we want you to understand how political, economic, cultural, sexual, and racial power structures work. Our interdisciplinary, transnational, and cross-cultural curriculum is designed to be flexible, and it includes nontraditional coursework that emphasizes analysis of the relationships of power. You have the freedom to choose from course options to develop traditional and/or more innovative methods of study, especially at the intermediate, seminar, and tutorial levels.
Our rigorous coursework is founded on small classes, intense dialogue, and close collaboration with faculty who work at the cutting edge of their fields. By the end of your four years, you'll be expected to have developed intermediate competency in a second language, which may help shape the area of your interest. You'll also be strongly encouraged to seek experience outside the classroom. Our students intern with state and local representatives, social service agencies, professional associations, law offices, and schools.
If you want to focus your studies on global issues, you can declare a concentration in international studies. The concentration requires an extra international politics course beyond the regular major, plus a course in either history or anthropology. You’ll choose your upper-level politics courses from the wide range of globally focused courses offered by the department. You’ll also take six credits of a second language beyond the regular politics language requirement.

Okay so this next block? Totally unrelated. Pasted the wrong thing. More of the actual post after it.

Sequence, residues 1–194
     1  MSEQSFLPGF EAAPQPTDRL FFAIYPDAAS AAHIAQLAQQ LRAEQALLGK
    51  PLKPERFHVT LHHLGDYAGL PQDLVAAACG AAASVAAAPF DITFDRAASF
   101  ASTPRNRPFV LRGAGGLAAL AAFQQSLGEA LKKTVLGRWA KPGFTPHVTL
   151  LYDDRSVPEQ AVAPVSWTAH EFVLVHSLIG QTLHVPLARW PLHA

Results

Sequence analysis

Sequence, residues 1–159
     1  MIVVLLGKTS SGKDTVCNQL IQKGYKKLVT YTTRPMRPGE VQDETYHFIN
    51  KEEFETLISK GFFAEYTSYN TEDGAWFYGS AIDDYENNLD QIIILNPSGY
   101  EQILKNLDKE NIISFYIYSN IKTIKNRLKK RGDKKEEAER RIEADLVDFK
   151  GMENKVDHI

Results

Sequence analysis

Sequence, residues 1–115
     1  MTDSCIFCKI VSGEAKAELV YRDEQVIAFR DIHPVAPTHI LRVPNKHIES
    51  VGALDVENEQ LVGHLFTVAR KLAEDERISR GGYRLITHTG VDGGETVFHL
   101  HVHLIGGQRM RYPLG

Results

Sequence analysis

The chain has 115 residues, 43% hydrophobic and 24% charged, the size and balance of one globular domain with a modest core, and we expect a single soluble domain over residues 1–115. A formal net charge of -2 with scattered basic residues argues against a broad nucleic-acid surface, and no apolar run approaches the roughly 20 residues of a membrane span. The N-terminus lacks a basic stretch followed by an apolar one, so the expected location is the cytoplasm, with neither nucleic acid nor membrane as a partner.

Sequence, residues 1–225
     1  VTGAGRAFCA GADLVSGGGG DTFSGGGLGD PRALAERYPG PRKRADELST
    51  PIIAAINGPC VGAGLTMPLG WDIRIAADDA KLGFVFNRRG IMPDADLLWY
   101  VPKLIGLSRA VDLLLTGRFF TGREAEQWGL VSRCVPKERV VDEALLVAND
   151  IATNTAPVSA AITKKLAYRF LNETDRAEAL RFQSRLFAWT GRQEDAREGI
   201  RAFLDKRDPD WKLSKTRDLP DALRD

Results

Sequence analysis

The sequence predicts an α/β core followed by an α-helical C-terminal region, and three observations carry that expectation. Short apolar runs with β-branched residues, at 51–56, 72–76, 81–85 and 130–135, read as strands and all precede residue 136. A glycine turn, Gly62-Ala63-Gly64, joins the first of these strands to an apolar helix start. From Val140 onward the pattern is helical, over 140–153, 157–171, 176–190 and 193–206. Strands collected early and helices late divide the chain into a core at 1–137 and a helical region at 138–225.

For students majoring in fields other than politics, we now offer minors in politics and international politics.
Our politics major will prepare you for careers in public service, foreign relations, NGOs, international organizations, and international business. And you'll be well prepared to enter law school or graduate programs in a variety of disciplines, such as the environment, human rights, international and global affairs, journalism, and business.